Previously, GitLab utilized the email address email@example.com to report and inquire about security concerns. However, as GitLab and our Security Department has grown and expanded, we were unable to provide the high level of service our customers deserve utilizing that singular queue. Users who reach out to
firstname.lastname@example.org will now receive an auto-reply providing them with specific instructions for reporting the various types of security concerns. If the auto-responder does not answer their questions or a security-related ticket is submitted to Support you can utilize the macro
Security::All Security Questions to provide the user with detailed instructions.
Please do not transfer to security and refer to the relevant workflow for the following:
You can also utilize the
Security::All Security Questions macro for more details on the language. If the workflows above and the Macro do not resolve the customer's concern, please post a link to the ticket in the #sec-fieldsecurity Slack Channel.
Triage vulnerability reports in a similar manner to our HackerOne process.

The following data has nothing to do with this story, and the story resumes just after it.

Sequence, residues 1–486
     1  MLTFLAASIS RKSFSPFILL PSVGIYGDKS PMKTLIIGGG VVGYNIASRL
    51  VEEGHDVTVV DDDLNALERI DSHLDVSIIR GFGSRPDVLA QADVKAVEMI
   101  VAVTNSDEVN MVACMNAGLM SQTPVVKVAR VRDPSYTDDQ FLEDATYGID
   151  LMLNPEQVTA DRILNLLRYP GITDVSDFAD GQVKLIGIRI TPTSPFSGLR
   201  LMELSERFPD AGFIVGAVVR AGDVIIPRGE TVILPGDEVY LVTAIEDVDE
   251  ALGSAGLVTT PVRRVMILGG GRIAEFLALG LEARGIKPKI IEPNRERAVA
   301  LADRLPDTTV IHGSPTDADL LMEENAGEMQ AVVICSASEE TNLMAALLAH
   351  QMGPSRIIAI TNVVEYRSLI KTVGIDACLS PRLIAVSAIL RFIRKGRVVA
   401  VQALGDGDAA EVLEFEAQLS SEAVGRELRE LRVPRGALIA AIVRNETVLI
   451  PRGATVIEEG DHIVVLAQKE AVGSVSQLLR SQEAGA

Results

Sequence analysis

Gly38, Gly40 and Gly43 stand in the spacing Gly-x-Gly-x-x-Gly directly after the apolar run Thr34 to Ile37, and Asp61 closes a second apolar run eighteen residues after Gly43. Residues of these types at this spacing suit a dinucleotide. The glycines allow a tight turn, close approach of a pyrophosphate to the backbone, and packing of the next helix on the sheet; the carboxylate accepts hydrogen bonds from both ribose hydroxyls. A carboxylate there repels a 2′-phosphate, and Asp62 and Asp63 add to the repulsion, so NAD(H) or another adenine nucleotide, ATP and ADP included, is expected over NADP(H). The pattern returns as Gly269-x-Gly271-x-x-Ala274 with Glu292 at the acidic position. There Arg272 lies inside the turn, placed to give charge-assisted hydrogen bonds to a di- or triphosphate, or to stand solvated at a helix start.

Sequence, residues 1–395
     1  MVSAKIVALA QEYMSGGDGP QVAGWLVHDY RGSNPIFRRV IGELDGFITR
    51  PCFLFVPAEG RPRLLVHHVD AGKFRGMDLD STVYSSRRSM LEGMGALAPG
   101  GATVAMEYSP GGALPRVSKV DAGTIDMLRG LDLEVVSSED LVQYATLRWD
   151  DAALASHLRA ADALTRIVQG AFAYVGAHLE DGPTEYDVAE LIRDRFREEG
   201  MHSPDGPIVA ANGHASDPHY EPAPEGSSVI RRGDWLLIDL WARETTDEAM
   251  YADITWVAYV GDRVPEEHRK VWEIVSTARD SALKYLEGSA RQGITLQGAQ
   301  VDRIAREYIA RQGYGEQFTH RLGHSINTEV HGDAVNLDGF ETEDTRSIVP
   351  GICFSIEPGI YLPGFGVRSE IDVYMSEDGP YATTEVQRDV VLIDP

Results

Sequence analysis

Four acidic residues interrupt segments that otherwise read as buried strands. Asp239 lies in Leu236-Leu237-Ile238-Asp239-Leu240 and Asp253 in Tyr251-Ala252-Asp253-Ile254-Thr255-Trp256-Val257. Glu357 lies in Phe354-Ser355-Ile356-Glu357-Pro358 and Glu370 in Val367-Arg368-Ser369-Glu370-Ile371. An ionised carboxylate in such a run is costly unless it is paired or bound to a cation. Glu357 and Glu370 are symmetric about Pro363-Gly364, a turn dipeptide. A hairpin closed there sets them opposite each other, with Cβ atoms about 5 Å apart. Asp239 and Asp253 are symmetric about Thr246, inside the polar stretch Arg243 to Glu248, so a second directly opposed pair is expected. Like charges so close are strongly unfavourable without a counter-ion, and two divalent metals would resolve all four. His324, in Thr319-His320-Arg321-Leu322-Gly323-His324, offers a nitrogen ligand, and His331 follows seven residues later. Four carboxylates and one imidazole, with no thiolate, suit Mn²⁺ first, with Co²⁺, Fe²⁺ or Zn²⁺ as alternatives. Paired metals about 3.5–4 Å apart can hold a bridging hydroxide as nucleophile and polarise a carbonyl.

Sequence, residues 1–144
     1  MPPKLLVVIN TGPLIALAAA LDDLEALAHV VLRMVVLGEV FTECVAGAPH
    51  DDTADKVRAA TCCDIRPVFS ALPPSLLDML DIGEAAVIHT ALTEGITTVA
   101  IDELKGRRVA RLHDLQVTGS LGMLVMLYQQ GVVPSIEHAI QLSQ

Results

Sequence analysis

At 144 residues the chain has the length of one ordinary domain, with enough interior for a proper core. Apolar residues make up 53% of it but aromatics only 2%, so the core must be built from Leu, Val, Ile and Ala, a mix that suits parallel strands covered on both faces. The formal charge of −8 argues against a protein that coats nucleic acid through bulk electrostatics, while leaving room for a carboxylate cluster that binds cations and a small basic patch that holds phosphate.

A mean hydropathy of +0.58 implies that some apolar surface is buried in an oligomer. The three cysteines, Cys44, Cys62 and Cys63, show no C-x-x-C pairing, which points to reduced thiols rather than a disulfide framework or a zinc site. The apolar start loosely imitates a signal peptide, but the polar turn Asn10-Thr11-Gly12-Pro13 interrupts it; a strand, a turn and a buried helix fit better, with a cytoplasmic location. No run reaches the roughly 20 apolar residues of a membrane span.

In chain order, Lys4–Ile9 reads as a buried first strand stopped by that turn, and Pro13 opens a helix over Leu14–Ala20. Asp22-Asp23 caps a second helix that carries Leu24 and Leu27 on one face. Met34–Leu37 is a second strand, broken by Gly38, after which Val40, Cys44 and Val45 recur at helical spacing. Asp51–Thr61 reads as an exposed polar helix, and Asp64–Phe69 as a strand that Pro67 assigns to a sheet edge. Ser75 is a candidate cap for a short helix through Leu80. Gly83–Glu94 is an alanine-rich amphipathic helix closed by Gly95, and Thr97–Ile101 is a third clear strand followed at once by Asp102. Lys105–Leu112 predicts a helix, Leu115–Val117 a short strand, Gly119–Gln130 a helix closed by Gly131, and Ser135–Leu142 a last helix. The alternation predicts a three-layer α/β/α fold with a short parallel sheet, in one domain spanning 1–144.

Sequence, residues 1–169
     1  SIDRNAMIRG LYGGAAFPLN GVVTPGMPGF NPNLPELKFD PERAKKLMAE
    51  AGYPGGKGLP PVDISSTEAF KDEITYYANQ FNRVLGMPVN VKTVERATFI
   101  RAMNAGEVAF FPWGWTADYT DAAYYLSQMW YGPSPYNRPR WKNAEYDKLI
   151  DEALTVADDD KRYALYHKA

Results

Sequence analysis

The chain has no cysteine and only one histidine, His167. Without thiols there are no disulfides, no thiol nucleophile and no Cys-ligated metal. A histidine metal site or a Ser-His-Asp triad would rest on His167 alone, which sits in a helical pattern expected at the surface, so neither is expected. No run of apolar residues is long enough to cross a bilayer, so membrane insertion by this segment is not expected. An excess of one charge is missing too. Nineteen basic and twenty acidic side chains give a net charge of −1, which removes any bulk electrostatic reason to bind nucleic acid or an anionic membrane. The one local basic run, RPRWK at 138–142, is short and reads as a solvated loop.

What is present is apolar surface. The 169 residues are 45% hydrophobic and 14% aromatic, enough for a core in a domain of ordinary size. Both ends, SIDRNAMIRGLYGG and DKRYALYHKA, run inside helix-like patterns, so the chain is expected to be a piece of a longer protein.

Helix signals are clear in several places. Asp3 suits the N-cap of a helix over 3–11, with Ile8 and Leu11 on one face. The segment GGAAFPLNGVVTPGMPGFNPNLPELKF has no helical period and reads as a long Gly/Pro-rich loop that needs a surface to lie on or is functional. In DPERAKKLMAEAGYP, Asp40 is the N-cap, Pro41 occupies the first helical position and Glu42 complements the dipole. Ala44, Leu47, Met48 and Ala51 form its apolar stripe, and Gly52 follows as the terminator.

Please refer to our public bug bounty program policy at https://hackerone.com/gitlab for more information.
This report will be triaged in the order it was received on the HackerOne platform. That will be used as our single channel of communication for this report.and close the ticket as resolved.
Sometimes, a customer will request details on a security update that was released. e.g. "Should I worry about this? What's this patch about?"
Following the Responsible Disclosure Policy, a confidential issue will be created and tracked internally. The contents of the confidential issue should not be shared.
Reported via ZenDesk (GitLab internal only): https://gitlab.zendesk.com/.../xxxxx
In the case that the customer has already filed an issue for the vulnerability:
Mark the issue is
feature proposal labels
Assign Severity and Priority Labels